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On my 04 OBW LTD, I'm running Bridgestone Potenza G019. Tires themselves have a disclaimer that, in part, says to never inflate to over 40 psi. There's also a load rating printed on the tire and the load is rated for max 51 psi. So that's pretty contradictory.

The door jamb label for the original OEM Bridgestones, says rear at 29 psi and front at 30 psi. What's up? What's the proper pressure to run these at?

Thanks
 

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I run my tires by how the tread is wearing. I have found that the 32 front and 30 rear is too much air for my wife's car, she barely ever carries a full load. I measure the center tread of each tire and the end treads. If the tires are wearing more in the center, it means, like a balloon, they have too much air. I run about 28 in the front and 26 in the rear to make the tires wear even.

Now, if she is going to be hauling a full-load, I will go up to the door placard of 32/30.

The front takes more pressure to keep the tires the same height off the ground as the rear, as the front is a lot heavier.

If I ever need to bump the pressure up to, say, 36 front, 34, rear, I will do so, if I notice that the cornering (outside) tread is getting shallower than the middle tread.

Measure in various spots as there are typically high spots made across the tires (perpendicular to the tread lines) that are supposed to indicate when you need new tires (called wear indicators). Just don't measure where they are.

If you have a caliper, you can get really accurate readings.

I have been "Reading" my tire wear and adjusting pressure accordingly for over 40 years and it has always resulted in my tires wearing extremely evenly across the treads on all of them.

Some people think the numbers on the door post and on the tires are cast in stone and you should not alter that at all. Of course, they want you to buy new tires when you still have 1/4" tread depth in the center and your cornering treads have steel cords hanging out (I have seen it)!:gasp:

I HATE driving a car with maximum pressure in the tires, as every single little pebble in the road hurts my lower back problem - not to mention if you hit a pot hole! Not only that, all that hard hitting with hard tires has to wear the suspension parts faster (especially on any rough roads) than if the tires are more spongy!

I know, less air means not as good fuel mileage.

For how little it affects my fuel mileage, I will continue to keep doing what I am doing and NOT TRUST ANYONE who works on my car, as they typically automatically fill them to WHATEVER! When I get home, I re-check using an accurate gauge, most times having to let a lot of air out! Maybe I could sell the air.

Just remember, whatever the pressures, keep the front about 2-3 PSI more than the rear on these cars to help prevent torque-bind problems related to tires spinning at (a lot of) different speeds.
 

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I maintain the difference, front to rear, but boost the 'door card' pressure by about 10%.

IF you are the type person that is going to check your tire pressures at every fill-up, try adding just 1 or 2 PSI to the door card pressures. If you tend to wait months - or - until a tire looks low, to check pressures, try running about 15% over the door card pressure to help even out tread wear. If you regularly take corners at speed, you should probably run 10-15% over the recomm. pressure. But most spirited drivers/motorsports guys are gonna experiment to find the proper pressure anyway. Some folks will measure temperatures at the center and edges of the tires after a 'fun run' to help decide about pressure changes. Even if you have a little uneven wear, I think you would want to err on the side of overinflation.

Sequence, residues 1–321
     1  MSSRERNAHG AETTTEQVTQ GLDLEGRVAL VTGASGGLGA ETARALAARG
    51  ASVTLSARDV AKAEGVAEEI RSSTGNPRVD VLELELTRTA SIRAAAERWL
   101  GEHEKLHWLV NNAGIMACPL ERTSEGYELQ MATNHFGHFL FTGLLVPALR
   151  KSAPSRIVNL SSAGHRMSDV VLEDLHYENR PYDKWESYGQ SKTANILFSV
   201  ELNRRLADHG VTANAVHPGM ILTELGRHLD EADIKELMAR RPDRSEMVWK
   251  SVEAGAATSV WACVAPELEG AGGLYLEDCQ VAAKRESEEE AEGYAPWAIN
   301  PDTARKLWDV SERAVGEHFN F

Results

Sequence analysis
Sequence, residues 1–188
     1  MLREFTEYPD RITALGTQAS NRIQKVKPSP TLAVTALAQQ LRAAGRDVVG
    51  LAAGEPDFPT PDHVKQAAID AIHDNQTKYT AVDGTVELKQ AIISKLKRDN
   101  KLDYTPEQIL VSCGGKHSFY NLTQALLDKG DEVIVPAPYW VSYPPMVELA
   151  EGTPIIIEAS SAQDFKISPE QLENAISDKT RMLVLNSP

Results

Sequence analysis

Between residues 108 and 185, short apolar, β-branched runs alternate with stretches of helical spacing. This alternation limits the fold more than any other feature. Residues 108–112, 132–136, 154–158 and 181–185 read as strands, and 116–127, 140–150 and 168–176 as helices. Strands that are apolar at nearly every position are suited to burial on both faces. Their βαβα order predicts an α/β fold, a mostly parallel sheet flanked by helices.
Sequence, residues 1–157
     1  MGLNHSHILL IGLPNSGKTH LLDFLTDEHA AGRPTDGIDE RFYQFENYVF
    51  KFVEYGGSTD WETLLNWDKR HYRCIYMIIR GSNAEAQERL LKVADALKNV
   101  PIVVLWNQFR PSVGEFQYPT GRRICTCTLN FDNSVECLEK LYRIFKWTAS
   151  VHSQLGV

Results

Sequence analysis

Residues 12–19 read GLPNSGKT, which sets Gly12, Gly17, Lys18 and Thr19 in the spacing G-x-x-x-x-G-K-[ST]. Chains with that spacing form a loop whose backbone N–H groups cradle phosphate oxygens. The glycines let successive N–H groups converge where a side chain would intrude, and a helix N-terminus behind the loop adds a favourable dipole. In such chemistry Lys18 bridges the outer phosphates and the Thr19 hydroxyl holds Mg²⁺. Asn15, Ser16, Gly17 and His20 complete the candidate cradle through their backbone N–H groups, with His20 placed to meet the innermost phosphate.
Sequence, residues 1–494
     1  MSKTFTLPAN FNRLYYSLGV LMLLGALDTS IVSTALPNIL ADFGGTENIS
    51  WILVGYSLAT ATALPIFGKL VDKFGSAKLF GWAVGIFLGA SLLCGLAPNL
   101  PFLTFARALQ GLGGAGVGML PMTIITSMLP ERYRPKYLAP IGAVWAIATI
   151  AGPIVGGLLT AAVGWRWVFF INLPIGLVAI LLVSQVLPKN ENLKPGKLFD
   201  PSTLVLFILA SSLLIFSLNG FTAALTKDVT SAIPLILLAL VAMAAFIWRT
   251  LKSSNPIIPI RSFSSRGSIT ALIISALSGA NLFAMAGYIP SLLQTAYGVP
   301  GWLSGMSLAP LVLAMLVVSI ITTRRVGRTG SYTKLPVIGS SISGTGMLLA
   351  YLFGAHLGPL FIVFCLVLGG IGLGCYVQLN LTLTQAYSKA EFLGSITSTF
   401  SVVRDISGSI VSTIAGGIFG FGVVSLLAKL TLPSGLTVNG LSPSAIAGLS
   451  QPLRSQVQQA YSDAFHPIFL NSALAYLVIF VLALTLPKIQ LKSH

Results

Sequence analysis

as said above, the numbers are guidelines, though, the max on the sidewall, particularly on an old/worn tire, is something i try avoid violating.

Also, if you ever fully load or somewhat overload, your car , and must drive on the highway, better to inflate to near the max sidewall number than overheat the tire.
 

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In my 2004 LL Bean, I run 35F/34R. Max pressure on my current all seasons is 44. I think the door says the same as yours--30F/29R.

It rides pretty well at that pressure. I think the pressure marked inside the door is awfully low. I've tried it at that and it just feels bad to me.
 

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I think the pressure marked inside the door is awfully low. I've tried it at that and it just feels bad to me.

every car I've ever owned handled better with pressure above the manuf. recommended.

I think they pick the lowest reasonable number so the cars ride smooth and 'cushy' on test drives. i dunno. It might be personal preference.
 

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Discussion Starter #6
Wow. That's some good info. Thank you all. OK. I'll try F36/R34.

Why do you think the tires I have state not to exceed 40 PSI but the load rating is at 51psi? Seems like the lawyer couldn't agree with the engineer so they printed both. But in court it would be hard to prove that they had provided the correct info to purchasers/ users.
 

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Wow. That's some good info. Thank you all. OK. I'll try F36/R34.

Why do you think the tires I have state not to exceed 40 PSI but the load rating is at 51psi? Seems like the lawyer couldn't agree with the engineer so they printed both. But in court it would be hard to prove that they had provided the correct info to purchasers/ users.